Prime Minister Viktor Orbán on the Kossuth Radio programme “Good Morning Hungary”

21 June 2024, Berlin

Zsolt Törőcsik: Hello, I’m welcoming the listeners from the Hungarian Embassy in Berlin. And I welcome Prime Minister Viktor Orbán. Good morning. 

Good morning.

As we heard in the introduction, today you’re meeting German chancellor Olaf Scholz. This is one of the reasons we’re speaking here. And with him we’ll be reviewing the plans and programmes of Hungary’s EU presidency, which starts on 1 July. What’s the significance of your meeting with the Chancellor?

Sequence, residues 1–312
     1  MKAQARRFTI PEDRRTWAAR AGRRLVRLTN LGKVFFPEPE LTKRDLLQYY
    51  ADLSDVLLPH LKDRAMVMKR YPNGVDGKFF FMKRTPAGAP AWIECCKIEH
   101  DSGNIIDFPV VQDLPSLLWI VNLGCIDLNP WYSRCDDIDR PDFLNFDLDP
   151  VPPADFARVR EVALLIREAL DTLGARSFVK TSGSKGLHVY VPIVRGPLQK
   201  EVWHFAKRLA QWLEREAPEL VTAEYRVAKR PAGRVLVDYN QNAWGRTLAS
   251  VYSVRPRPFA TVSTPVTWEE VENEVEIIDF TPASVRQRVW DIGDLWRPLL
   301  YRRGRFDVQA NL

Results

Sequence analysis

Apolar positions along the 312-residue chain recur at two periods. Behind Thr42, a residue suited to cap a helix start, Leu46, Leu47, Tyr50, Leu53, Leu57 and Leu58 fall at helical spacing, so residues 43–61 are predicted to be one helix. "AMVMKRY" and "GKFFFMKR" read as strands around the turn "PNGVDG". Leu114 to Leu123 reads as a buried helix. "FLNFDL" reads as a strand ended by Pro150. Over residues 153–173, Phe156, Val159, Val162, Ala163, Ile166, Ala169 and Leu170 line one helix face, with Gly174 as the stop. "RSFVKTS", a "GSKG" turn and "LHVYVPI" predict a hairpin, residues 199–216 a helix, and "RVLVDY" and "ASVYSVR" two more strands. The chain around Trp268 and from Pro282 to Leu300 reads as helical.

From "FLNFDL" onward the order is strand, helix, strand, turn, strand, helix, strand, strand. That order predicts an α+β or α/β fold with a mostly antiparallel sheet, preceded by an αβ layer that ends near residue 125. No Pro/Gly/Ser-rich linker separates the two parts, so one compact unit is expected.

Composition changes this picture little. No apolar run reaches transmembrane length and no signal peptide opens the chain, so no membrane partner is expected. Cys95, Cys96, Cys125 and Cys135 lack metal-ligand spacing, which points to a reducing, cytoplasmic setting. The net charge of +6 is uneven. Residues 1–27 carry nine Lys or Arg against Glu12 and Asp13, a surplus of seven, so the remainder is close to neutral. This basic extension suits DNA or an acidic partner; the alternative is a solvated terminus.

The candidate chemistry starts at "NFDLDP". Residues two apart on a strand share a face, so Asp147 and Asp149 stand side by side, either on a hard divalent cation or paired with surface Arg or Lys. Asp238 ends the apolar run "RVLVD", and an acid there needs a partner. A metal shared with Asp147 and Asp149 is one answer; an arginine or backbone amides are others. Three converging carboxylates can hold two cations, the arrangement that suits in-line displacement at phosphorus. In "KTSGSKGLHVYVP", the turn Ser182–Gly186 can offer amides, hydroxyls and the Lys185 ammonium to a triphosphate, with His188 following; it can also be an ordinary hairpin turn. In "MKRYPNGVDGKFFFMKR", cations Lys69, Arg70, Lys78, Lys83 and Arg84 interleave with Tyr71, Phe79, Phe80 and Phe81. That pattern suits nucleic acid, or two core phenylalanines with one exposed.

Before meeting the Chancellor, yesterday I met the entire board of Mercedes, and in Budapest a few days ago I had a meeting with the heads of major European companies. On Monday I’m meeting the Italian prime minister in Rome and on Wednesday I’m meeting the French president in Paris. Now, in a German context, Mercedes is a good example which helps us to understand the importance of German-Hungarian relations – because, of course, first of all I want to discuss Hungarian issues with the Chancellor. Mercedes is now creating an investment in Hungary that will create 3,800–4,200 new jobs in Kecskemét. For now they’re keeping under wraps the new models that haven’t been presented yet. But, under strict armed guard and sworn to secrecy, I was allowed in to see the new models, some of which – so several of them – will be produced in Kecskemét, as will some of the parts for them. So I’m saying that the whole of German industry is undergoing a major transformation. I’ve only talked about cars, but this is also true in every other respect – Deutsche Telekom, and so on. These are huge German companies, serious companies that provide jobs for several hundreds of thousands of people in Hungary. They’re going through a great technological transformation. The question is whether or not there is and will be a place for Hungarians in this great German technological transformation. And the answer is that there will be. This is why I’ve also held talks with the big company bosses, and I’ve now also held talks with Mercedes; because the Germans are implementing a considerable part of these major technological developments in Hungary. They’ll be creating several thousand new jobs and will be involved in training engineers and skilled workers. So they’ll remain part of the Hungarian economy and we’ll gain a lot of economic benefit. First of all I must confirm this with the Chancellor. I was able to confirm this with the previous Chancellor, Angela Merkel. There will be elections here next year, and I wouldn’t say that the Chancellor and his party are doing very well. In the recent European elections they came third, but who knows what the future will bring. So, to put it colourfully, German-Hungarian economic cooperation needs to have the “kosher” label placed on it here in Berlin with the help of the German chancellor of the day. This must be done every single time, and Hungarian participation in German economic development must be guaranteed. This is the primary objective. The second is that there’s a danger that threatens us in Europe, and this is the danger of isolation from the rest of the world economy. In Europe we have all kinds of problems, and we’re essentially suffering from deteriorating economic performance. Some people want to respond to this by saying that we should shut ourselves off. In the language used here this is called protectionism, and it means that we’re starting to reduce our share of world trade. This would be tragic for Hungary, because Hungary cannot live at its current standard of living if we can only rely on an economic market of ten million Hungarians. If we don’t have a very large market, with the whole world available to us, we won’t be able to sell products produced in Hungary, we won’t get paid for them, and we won’t be able to live as we do now, but much worse. So for us the openness of the world economy is crucial. This isn’t because we’re a world trading nation. There are countries for which the key issue is the free market and the openness of the world economy. This is because they’re trading countries. Of course there are Hungarian trading companies, but I wouldn’t say that there’s a centuries-old tradition of major national capital in trade. But there is in manufacturing. So we manufacture for the world, from electronics to cars, chemicals, food and so on. So for me, and for Hungary, the German chancellor is our ally, because his country is in the same boat. Germany is also a country which is poor in terms of raw materials. It only has coal, it’s a producing country like Hungary, and it has to sell its products in the world. So Hungary and Germany are in the same boat. It’s in our interest to keep the world economy open, and in Europe we must push back the forces that want the opposite. And of course there are major European issues, because from 1 July Hungary will hold the presidency [of the Council of the European Union] and determine its agenda: what issues we’ll deal with, what issues Hungary will put on the table, and how far it wants to take them – starting, for example, with Serbia’s membership of the European Union, tax cuts and family allowances, and the competitiveness of the European economy in general. These are the three big packages that will be on the table.